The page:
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July 22, 2009

For More Information Contact

  • Maribeth Brewster, Northern Region PIO, (703) 934-0623

(RICHMOND, Va.)— The Virginia Department of Health reported the death today of a woman from the Prince William Health District who was diagnosed with the novel influenza A (H1N1) virus, also called swine flu.

Although the cause of death has not been confirmed, the H1N1 virus appears to have been a factor. The patient had an underlying health condition that put her at greater risk of complications from flu.

Nationwide, as of July 22, the federal Centers for Disease Control and Prevention reports 263 deaths caused by the new virus.

“We extend our sympathies to the patient’s family and friends,” said State Health Commissioner Karen Remley, M.D., MBA. “Unfortunately, since seasonal flu results in about 36,000 deaths nationwide and approximately 1,000 die in Virginia each year from influenza and pneumonia, more deaths associated with the H1N1 virus are likely.”

The Commissioner reminds all Virginians to be vigilant in guarding against the flu and its spread. Symptoms of influenza include fever, cough, sore throat, headache, body aches, chills or fatigue. People who experience these symptoms are asked to call their health care provider or local health department to discuss the possible need for treatment.

Some people are at higher risk for complications from the virus and are strongly encouraged to call their health care providers if they experience flu-like symptoms. These include people with underlying chronic health conditions, pregnant women, the elderly and the very young.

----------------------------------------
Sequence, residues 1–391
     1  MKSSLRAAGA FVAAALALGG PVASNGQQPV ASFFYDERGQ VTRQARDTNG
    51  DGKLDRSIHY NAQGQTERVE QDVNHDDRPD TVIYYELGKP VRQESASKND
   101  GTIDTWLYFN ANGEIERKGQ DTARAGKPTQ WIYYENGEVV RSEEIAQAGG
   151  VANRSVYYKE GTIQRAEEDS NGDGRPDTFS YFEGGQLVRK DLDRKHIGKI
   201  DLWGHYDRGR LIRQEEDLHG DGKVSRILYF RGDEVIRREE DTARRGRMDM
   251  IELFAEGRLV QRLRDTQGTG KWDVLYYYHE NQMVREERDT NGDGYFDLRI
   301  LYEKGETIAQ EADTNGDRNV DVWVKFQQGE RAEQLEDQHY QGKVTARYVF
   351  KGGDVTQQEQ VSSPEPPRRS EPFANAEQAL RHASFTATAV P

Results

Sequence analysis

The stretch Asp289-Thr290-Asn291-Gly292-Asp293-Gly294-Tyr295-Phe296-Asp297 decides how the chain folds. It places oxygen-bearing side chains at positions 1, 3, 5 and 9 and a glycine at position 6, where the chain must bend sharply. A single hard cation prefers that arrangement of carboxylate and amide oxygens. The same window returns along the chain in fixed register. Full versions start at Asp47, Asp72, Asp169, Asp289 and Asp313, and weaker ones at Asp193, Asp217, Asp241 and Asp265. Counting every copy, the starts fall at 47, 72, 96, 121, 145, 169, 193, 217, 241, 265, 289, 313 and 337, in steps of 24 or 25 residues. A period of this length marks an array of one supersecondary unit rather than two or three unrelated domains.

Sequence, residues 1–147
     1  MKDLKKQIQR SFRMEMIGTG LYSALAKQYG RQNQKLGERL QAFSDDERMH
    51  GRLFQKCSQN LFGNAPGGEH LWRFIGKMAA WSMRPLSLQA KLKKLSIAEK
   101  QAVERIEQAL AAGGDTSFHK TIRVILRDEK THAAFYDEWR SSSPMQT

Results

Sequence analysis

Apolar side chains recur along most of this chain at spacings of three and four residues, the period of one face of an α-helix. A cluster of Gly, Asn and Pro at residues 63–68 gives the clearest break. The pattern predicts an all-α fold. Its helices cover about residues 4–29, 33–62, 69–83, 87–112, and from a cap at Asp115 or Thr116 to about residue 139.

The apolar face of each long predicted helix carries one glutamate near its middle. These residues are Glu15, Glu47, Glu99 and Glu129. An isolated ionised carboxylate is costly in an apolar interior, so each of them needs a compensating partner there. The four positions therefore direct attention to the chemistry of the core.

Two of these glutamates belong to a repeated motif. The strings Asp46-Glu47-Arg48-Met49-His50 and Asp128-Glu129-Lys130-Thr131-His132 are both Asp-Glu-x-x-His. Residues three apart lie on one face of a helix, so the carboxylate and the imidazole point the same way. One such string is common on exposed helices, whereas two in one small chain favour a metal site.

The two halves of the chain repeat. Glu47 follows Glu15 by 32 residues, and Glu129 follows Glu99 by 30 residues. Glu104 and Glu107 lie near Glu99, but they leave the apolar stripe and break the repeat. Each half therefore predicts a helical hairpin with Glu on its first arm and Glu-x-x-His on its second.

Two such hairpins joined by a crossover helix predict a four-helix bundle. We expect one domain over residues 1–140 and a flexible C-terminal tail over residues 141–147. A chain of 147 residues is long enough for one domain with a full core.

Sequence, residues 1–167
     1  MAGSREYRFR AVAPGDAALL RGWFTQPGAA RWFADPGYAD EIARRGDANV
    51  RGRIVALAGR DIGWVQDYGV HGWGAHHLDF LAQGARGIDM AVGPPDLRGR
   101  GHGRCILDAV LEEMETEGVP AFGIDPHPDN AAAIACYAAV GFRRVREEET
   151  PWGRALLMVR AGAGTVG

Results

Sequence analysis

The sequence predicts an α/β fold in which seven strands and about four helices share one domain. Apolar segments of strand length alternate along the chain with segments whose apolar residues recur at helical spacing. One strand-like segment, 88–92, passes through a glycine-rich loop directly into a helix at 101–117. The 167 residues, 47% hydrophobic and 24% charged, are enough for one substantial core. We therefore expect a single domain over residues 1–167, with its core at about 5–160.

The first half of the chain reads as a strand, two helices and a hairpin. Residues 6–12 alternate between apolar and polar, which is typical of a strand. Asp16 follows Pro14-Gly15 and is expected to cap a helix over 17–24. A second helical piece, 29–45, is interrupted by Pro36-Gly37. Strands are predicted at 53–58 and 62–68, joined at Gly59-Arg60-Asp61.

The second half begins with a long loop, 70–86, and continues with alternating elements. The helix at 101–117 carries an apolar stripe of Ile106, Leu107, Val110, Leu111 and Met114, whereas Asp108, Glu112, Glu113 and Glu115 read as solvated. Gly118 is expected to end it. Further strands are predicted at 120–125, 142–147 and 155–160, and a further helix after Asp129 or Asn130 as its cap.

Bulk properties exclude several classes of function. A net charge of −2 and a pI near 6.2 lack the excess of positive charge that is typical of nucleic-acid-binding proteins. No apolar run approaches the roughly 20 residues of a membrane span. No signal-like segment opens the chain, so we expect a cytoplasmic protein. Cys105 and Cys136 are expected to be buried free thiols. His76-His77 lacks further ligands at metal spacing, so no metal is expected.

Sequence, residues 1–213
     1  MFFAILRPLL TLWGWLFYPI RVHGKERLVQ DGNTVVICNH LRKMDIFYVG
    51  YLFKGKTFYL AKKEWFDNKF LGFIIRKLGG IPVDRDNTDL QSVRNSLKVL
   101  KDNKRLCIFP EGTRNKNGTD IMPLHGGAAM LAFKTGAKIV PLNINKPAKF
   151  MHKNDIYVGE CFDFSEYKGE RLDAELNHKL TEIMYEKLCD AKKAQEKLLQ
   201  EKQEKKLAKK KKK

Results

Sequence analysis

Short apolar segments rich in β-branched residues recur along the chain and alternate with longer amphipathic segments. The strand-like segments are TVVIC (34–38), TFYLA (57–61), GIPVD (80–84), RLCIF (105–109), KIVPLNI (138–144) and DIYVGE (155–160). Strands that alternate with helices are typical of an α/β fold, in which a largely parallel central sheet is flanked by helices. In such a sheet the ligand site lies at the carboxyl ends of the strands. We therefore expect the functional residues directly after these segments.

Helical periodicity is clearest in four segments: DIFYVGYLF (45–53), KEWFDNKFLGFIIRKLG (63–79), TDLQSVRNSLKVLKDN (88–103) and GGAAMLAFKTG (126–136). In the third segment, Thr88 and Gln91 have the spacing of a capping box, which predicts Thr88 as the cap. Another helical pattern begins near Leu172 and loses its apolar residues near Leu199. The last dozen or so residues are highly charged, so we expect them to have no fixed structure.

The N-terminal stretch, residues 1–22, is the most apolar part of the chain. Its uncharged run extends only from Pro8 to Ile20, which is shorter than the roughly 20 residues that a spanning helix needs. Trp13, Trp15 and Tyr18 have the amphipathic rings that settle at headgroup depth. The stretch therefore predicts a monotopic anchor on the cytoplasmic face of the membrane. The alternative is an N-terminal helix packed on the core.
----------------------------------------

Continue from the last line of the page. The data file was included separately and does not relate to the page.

People also are advised to protect their health against influenza and other infectious diseases by:

  • Staying home from work or school when ill and limiting their contact with others to keep from infecting them
  • Calling their health care providers or their health department before seeking care for influenza-like illness so that the necessary infection control measures can be put in place
  • Covering their nose and mouth with a tissue when they cough or sneeze and throwing the tissue in the trash after use
  • Washing their hands often with soap and water, especially after they cough or sneeze. Alcohol-based hand cleaners also are effective.
  • Limiting close contact with sick people
  • Preventing the spread of germs by not touching their eyes, nose or mouth

For more information on the novel Influenza H1N1 virus go online to the Virginia Department of Health at, the Weekly CDC Novel H1N1 Flu Situation Update at or the CDC Interim Patient Treatment and Risk Guidance at

Last Updated: 10-01-2009

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